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Learning Is the 'Secret Sauce' for Any High-Performing Organization

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Stephanie Hirsh

In December, the Organisation for Economic Cooperation and Development (OECD) released its latest report on the countries that achieve at the highest levels in education. As expected, the news about the performance of U.S. education systems was rather glum.

If the U.S. had demonstrated a sudden leap in the rankings, we might have grounds for a new theory of action — adopt standards and everything instantly improves. But we all know that is just not the case. We know it takes years to change trend lines and see results from substantive change efforts.

Educators over the last several years have become enamored with studying the lessons of high-performing schools, school systems, and organizations. We read the OECD reports; we look at the winners of Broad prizes; we look at the top scorers in National Assessment of Educational Progress. We're interested in understanding how it is that educators manage to make a difference, address their challenges, and achieve their goals. What do we hope to see? A colleague of mine says we are hunting for the "secret sauce."

So here's my answer to what the secret sauce is — and if it comes as a surprise, you haven't been paying attention. The secret sauce is learning. Systems must recognize that as long as we are not achieving our goals, we have more to learn. And I have no doubt that a learning culture is common to each of the highest-performing systems or any example of a school that achieves at high levels over the long term.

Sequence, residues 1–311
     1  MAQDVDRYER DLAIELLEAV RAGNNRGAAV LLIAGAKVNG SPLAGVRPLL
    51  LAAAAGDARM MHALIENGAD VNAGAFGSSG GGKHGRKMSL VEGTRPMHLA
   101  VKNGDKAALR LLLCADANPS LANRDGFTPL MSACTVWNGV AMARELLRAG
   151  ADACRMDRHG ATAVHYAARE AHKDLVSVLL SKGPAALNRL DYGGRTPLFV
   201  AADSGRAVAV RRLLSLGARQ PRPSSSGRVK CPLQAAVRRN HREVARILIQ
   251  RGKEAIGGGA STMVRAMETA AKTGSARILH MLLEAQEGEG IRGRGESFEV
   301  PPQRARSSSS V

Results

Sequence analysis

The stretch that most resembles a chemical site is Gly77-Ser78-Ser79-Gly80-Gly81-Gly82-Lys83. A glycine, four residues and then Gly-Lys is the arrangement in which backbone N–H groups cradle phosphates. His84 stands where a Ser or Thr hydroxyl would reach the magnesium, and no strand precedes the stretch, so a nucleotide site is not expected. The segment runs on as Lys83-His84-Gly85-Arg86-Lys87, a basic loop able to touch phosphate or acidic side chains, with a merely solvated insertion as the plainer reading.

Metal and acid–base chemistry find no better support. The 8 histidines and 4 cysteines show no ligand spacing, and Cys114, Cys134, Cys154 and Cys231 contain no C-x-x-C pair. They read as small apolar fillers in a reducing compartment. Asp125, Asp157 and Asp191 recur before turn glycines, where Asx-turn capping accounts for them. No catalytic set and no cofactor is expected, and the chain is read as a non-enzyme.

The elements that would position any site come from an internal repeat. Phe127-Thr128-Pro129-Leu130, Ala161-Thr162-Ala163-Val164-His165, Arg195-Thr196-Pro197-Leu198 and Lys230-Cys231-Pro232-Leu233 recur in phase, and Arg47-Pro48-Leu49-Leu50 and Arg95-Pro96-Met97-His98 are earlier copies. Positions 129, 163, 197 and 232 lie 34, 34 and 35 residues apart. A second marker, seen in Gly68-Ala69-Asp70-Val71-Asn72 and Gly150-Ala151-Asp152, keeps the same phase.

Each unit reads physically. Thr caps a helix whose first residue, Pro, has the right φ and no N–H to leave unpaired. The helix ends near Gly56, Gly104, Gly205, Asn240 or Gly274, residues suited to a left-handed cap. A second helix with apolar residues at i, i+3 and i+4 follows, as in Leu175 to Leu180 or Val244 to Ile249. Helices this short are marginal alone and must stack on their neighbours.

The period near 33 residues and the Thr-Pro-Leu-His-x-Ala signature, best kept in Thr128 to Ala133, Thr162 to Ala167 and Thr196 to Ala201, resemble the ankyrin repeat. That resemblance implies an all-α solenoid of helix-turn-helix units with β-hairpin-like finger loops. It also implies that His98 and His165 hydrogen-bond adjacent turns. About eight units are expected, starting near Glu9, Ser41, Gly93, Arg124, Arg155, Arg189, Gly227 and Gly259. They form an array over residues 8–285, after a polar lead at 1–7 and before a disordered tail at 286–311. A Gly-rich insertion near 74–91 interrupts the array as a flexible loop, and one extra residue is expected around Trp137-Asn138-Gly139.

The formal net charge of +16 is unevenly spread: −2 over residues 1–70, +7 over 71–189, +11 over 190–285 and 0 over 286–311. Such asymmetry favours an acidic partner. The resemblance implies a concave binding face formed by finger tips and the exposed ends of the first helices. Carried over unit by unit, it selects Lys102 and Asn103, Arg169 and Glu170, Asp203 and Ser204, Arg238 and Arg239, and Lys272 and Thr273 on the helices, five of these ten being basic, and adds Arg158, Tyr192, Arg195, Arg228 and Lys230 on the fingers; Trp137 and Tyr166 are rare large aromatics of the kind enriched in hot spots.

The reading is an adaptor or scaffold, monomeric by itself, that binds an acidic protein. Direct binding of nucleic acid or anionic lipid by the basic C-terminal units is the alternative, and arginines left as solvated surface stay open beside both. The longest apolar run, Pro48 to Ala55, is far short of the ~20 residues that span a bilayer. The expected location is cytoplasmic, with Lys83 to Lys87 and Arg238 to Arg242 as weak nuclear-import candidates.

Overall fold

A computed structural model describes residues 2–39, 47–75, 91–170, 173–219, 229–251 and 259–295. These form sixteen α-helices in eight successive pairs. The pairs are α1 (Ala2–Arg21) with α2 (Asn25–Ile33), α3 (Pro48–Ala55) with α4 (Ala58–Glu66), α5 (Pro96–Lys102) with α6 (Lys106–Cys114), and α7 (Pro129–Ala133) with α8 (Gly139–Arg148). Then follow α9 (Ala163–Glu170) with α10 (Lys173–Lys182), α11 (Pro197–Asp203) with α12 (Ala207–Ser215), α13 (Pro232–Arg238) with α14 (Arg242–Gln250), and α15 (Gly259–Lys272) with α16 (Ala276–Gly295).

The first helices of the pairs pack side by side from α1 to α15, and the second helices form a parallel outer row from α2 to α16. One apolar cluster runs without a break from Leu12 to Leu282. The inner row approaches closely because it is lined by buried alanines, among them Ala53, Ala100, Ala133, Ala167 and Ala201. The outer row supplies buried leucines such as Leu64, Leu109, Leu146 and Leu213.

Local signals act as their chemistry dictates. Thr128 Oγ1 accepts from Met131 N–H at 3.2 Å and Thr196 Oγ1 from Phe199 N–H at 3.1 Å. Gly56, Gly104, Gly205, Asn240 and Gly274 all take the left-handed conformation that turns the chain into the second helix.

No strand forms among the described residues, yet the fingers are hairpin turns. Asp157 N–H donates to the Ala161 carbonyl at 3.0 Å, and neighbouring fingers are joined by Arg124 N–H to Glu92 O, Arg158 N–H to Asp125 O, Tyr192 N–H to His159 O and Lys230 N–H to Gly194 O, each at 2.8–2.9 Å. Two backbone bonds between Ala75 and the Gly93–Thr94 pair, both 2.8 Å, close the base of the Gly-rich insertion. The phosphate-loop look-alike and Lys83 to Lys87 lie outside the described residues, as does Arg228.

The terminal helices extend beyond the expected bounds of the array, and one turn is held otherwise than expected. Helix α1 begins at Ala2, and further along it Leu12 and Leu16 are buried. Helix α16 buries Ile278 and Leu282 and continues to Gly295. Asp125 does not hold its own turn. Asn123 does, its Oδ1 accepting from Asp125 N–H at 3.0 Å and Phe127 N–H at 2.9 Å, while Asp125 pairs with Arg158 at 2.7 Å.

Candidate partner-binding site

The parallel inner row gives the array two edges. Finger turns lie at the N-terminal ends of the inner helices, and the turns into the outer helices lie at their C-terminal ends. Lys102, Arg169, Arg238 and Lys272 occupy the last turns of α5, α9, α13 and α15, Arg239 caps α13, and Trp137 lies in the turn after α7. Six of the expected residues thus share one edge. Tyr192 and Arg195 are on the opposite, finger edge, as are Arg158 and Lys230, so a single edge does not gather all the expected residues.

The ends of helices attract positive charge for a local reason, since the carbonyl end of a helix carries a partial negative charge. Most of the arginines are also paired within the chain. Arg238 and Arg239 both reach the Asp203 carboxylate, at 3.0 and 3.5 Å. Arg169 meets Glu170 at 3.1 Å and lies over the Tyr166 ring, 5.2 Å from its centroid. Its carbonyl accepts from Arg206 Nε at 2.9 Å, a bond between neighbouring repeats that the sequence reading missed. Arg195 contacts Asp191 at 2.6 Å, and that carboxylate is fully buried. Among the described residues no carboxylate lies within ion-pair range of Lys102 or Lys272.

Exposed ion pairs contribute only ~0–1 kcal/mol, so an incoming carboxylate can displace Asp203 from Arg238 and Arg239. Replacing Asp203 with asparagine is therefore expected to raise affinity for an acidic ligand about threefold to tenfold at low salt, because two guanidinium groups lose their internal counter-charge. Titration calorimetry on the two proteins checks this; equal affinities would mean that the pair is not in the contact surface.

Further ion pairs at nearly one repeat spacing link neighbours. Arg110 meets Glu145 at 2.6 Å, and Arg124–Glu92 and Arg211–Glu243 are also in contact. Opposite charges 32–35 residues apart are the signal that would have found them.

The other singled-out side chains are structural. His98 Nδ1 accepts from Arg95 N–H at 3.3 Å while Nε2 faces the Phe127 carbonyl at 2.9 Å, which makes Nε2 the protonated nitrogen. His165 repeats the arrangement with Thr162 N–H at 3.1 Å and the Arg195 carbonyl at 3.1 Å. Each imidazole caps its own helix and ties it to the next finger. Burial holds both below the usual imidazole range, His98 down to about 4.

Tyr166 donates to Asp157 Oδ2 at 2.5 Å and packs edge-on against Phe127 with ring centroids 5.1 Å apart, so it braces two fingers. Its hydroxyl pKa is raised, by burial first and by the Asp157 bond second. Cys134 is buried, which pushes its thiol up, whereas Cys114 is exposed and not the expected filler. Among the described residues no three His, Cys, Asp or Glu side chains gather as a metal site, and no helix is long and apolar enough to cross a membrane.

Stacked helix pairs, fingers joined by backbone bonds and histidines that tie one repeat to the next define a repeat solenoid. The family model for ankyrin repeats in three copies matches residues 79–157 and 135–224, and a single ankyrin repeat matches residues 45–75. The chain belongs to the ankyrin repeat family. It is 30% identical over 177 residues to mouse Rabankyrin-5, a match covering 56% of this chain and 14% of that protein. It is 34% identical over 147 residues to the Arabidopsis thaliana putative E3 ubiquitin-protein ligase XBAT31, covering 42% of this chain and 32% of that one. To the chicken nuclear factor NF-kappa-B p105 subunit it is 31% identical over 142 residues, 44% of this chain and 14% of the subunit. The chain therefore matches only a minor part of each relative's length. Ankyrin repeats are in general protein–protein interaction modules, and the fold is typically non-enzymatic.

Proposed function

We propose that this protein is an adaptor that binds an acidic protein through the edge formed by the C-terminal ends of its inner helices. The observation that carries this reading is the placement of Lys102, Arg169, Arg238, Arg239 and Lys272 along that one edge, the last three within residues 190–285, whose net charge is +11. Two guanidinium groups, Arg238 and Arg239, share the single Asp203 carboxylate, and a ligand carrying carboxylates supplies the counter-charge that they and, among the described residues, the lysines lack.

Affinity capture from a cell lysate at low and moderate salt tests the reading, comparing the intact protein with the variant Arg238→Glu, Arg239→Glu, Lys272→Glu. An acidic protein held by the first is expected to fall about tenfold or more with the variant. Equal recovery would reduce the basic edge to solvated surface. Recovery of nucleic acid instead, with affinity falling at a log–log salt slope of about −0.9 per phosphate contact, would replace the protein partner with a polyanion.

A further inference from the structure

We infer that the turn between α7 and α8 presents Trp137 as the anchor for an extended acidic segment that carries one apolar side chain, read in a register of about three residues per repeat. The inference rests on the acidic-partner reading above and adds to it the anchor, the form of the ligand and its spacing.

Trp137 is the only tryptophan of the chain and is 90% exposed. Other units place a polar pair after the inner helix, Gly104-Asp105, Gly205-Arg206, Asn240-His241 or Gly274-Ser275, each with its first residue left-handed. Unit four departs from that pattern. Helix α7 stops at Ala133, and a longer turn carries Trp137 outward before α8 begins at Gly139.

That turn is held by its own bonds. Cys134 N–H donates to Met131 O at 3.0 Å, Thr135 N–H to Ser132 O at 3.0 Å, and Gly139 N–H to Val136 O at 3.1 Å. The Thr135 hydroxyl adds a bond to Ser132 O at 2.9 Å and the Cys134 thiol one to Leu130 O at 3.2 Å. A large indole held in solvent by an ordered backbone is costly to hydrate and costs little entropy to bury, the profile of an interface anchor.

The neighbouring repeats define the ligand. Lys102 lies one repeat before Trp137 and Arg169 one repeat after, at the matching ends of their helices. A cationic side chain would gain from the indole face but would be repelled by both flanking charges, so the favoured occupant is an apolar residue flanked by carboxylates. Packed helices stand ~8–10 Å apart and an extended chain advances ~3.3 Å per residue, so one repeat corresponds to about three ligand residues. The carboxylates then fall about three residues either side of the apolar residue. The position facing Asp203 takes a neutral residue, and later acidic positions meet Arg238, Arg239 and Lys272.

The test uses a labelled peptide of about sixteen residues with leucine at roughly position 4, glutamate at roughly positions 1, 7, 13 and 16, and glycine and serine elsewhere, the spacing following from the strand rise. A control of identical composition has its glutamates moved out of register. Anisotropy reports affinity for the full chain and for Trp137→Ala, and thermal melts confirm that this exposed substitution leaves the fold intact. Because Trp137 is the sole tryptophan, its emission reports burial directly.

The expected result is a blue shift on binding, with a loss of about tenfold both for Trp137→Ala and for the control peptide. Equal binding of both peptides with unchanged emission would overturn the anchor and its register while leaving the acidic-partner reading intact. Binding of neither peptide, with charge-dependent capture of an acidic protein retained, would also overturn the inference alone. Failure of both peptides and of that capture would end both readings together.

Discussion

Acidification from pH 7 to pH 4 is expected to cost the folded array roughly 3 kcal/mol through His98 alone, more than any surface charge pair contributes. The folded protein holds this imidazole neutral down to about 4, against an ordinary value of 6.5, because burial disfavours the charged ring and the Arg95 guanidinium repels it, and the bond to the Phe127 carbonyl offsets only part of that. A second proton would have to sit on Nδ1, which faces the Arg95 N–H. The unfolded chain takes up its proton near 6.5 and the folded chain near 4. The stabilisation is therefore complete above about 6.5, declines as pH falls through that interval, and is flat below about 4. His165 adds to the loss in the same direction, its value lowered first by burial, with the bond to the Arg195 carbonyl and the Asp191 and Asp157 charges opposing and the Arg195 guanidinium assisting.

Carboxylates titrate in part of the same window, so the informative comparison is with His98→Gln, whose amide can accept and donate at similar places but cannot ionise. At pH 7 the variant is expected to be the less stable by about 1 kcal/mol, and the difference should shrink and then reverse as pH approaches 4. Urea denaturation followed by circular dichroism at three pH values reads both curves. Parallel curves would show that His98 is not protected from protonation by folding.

I recently read about the importance of a learning culture in organizations beyond education. As Josh Bersin of Deloitte Consulting writes, " 'Learning Culture' is what enables BP, Toyota, Microsoft, or IBM to identify the problems in their products and fix them quickly. It is what enables Cisco and Google and Apple to 'out-innovate' their competitors. It is what enables Wal- Mart, UPS, and Dell to drive down costs and maintain service quality. It is what enables ING Direct, Zappos, and Starbucks to grow at rates 10 to 100 times their competitors. And it is what prevented Digital Equipment Company, Tandem, Apollo Computer, Silicon Graphics, and hundreds of other defunct companies from embracing changes in their markets and evolving their products. This topic is important: It means life or death for many organizations."  

I agree — learning is life or death for transforming school systems. Yet we are continually challenged to justify our professional learning investments. Detractors hand us studies that report a particular professional learning effort failed to change practice or student outcomes. And I frequently and openly advocate for more rigorous strategies and commitments to document the impact of professional learning.

What secret sauce will you bring to your next planning agenda? And how will you help Learning Forward's quest to highlight the learning practices that are part of every success story?

This post also appears in the February issue of JSD

Stephanie Hirsh
Executive Director, Learning Forward

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